The magnetic field and confined wind of the O star Orionis C
Department of Physics, Royal Military College of Canada, PO Box 17000, Station “Forces”, Kingston, Ontario, K7K 4B4, Canada e-mail: Gregg.Wade@rmc.ca
2 Dept. of Physics and Astronomy, University of Victoria, PO Box 3055, Victoria, BC V8W 3P6, USA
3 Dept. of Physics and Astronomy, The Johns Hopkins University, 3400 North Charles Street, Baltimore, MD 21218, USA e-mail: email@example.com
4 Observatoire Midi-Pyrénées, 14 avenue Edouard Belin, 31400 Toulouse, France e-mail: donati,firstname.lastname@example.org
5 Physics & Astronomy Department, The University of Western Ontario, London, ON, N6A 3K7, Canada e-mail: email@example.com
6 Max-Planck Institut für Aeronomie Max-Planck-Str. 2, 37191 Katlenburg-Lindau, Germany e-mail: firstname.lastname@example.org
7 Dept. of Astronomy, University of Minnesota, 116 Church St. S.E., Minneapolis, MN 55455, USA e-mail: email@example.com
Accepted: 20 December 2005
Aims.In this paper we confirm the presence of a globally-ordered, kG-strength magnetic field in the photosphere of the young O star Orionis C, and examine the properties of its optical line profile variations.
Methods.A new series of high-resolution MuSiCoS Stokes V and I spectra has been acquired which samples approximately uniformly the rotational cycle of Orionis C. Using the Least-Squares Deconvolution (LSD) multiline technique, we have succeeded in detecting variable Stokes V Zeeman signatures associated with the LSD mean line profile. These signatures have been modeled to determine the magnetic field geometry. We have furthermore examined the profile variations of lines formed in both the wind and photosphere using dynamic spectra.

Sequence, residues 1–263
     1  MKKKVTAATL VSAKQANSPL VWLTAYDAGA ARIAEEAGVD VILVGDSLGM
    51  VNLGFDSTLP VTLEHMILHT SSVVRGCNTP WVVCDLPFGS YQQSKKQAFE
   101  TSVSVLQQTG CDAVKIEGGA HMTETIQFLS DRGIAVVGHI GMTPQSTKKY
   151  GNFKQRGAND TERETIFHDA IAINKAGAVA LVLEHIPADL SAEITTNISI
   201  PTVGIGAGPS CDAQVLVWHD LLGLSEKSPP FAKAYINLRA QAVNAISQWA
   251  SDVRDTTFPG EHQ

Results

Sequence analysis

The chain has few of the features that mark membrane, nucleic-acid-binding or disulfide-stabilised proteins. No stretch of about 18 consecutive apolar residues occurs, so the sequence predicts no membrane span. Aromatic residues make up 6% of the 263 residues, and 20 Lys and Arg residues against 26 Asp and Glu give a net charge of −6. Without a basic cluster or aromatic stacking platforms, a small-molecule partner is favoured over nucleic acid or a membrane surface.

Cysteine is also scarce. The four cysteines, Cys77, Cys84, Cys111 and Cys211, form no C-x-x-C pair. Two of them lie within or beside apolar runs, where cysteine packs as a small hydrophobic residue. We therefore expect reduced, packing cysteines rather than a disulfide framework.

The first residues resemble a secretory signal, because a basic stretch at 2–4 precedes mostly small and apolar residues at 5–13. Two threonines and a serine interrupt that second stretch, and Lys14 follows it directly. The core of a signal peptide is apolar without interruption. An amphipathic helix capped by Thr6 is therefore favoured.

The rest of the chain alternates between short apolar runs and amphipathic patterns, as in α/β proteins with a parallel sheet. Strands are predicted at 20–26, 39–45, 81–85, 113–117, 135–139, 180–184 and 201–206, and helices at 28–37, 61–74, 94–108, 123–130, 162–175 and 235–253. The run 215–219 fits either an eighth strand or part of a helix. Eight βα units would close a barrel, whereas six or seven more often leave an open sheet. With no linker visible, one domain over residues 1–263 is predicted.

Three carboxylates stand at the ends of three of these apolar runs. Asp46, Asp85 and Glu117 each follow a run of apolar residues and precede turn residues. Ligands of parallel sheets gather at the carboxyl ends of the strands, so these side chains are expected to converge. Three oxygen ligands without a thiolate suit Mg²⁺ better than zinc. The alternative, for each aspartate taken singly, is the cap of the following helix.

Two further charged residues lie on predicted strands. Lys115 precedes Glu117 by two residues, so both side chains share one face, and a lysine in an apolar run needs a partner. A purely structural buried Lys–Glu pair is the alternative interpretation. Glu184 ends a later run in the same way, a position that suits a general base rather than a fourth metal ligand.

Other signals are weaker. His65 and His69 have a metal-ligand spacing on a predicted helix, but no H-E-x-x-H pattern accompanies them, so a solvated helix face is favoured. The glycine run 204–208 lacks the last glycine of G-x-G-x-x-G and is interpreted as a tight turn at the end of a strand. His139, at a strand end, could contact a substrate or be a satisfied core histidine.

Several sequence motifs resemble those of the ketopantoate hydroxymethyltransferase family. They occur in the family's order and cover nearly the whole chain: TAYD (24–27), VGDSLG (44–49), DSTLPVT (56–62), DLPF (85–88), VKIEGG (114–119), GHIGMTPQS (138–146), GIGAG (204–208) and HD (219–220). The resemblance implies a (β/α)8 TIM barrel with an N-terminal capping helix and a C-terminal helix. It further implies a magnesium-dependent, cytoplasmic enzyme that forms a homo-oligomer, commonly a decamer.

Results.Based on spectrum synthesis fitting of the LSD profiles, we determine that the polar strength of the magnetic dipole component is G and that the magnetic obliquity is , assuming . The best-fit values for are and . Our data confirm the previous detection of a magnetic field in this star, and furthermore demonstrate the sinusoidal variability of the longitudinal field and accurately determine the phases and intensities of the magnetic extrema. The analysis of “photospheric” and “wind” line profile variations supports previous reports of the optical spectroscopic characteristics, and provides evidence for infall of material within the magnetic equatorial plane.
© ESO, 2006